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D.C. Toasts the White House Correspondents' Dinner

The actual dinner was just a mere footnote to a weekend of activities that stretched from Friday to the wee hours of Sunday morning.

PARTIES, D.C. STYLE: The worlds of entertainers, media types and politicos collided for the annual White House Correspondents’ Dinner in Washington this past weekend. The actual dinner, which took place on Saturday at the Hilton, was just a mere footnote to a weekend of activities that stretched from Friday to the wee hours of Sunday morning.

Parties hosted by traditional media outlets such as Vanity Fair and Bloomberg, The New Yorker, Time Inc.’s Time and People magazines and The Atlantic were joined by digital titans like Google, which threw a small VIP party on Friday, and Yahoo, which teamed with ABC News to hold a splashy predinner cocktail on Saturday.

Despite the festive atmosphere at the Time Inc. cocktail party at the St. Regis on Friday night, chief content officer Norman Pearlstine was concerned more about his company’s spin-off from Time Warner than the dinner.

“It’s been a number of late nights this week,” Pearlstine admitted, referring to board meetings, the Time 100 gala and the National Magazine Awards, all of which took place earlier in the week.

“In terms of this event, it’s not only about Time and People but it’s about Time Inc., when we get spun out next month,” he said.

A few feet away, singer Katharine McPhee posed for selfies with fans. Asked why she was in D.C., she explained that she was with a “friend.” That friend turned out to be Fox News’ Greta Van Susteren. McPhee was a guest on the anchor’s show, and the two hit it off — in fact, the singer was riding with the TV host and her entourage as they hit up several parties throughout the weekend.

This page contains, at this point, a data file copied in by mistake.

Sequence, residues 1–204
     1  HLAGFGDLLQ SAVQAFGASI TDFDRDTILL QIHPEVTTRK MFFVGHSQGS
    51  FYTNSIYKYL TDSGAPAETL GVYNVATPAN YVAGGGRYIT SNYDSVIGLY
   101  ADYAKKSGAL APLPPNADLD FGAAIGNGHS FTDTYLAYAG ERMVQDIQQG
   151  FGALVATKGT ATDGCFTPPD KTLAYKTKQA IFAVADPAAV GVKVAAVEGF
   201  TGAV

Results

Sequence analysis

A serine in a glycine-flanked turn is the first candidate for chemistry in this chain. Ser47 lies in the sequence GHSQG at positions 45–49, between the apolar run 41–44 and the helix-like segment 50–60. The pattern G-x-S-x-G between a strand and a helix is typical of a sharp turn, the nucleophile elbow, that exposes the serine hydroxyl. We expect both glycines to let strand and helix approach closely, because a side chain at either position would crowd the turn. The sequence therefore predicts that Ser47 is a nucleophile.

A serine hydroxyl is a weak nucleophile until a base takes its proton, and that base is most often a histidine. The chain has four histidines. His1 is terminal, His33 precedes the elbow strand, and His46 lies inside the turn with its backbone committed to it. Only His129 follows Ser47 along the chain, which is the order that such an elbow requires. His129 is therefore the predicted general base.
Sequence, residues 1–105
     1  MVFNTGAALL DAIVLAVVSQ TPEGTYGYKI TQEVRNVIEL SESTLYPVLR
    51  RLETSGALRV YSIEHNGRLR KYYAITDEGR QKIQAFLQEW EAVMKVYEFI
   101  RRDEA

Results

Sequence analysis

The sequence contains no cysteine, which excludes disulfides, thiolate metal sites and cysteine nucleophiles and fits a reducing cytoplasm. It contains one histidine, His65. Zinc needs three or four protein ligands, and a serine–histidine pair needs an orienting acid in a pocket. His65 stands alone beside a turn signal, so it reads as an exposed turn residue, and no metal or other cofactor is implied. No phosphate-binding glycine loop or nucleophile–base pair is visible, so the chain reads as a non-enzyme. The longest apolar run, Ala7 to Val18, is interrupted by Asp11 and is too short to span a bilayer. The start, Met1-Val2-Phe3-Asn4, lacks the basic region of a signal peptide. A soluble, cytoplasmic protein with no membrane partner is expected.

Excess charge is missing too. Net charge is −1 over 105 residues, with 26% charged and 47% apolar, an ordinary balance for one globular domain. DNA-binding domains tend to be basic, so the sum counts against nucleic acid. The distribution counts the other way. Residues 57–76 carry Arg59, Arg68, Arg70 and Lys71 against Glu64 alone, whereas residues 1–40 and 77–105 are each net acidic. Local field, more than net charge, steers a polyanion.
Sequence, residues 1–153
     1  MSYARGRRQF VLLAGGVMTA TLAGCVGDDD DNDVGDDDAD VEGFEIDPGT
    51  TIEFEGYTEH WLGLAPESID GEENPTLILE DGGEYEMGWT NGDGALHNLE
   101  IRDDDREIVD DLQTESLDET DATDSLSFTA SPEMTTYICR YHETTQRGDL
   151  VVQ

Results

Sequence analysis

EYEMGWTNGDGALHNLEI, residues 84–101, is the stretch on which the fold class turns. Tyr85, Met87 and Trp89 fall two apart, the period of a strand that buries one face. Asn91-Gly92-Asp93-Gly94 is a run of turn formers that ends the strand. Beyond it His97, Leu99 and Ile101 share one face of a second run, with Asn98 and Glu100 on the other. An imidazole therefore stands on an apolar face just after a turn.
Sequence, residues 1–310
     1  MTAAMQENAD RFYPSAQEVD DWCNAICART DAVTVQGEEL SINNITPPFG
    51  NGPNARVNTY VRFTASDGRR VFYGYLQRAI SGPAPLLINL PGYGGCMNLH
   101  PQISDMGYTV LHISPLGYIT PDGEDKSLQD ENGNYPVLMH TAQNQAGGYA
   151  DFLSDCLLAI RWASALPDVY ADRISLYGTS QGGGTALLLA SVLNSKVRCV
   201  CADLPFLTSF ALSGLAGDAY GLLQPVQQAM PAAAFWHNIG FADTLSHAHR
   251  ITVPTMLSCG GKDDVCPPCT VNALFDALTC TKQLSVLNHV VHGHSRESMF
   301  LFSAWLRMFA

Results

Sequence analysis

The draw for McPhee as a tag-along wasn’t celeb-gawking, but “seeing the news anchors,” reporters and politicians. Van Susteren, on the other hand, enjoyed the whole scene.

“This is the one night you get to see each other,” she said. “It’s totally social. It’s getting a little more relaxed, and Hollywood, but that’s fun.”

CNN’s Dana Bash appeared to agree with that, stopping midsentence as soon as actress Madeline Stowe approached.

“I’m such a big fan,” Bash gushed as she shook Stowe’s hand tightly, before leading the actress to pose for photos.

Someone who wasn’t jumping for the spotlight was NBC’s David Gregory, who had been getting some bad press lately because of the poor performance of “Meet the Press.”

“I’m not doing anything tonight,” he said, walking away, red-faced, as he rebuffed questions from reporters.

A few blocks away at the W hotel, The New Yorker’s editor David Remnick reacquainted himself with the magazine’s D.C.-based writers before taking off early to head to New Haven for a family member’s Bat Mitzvah.

“I value my relationship with my family. I have to drive all night. I have to sneak out in about an hour,” he said, adding that he’d allow himself one drink before his long drive north.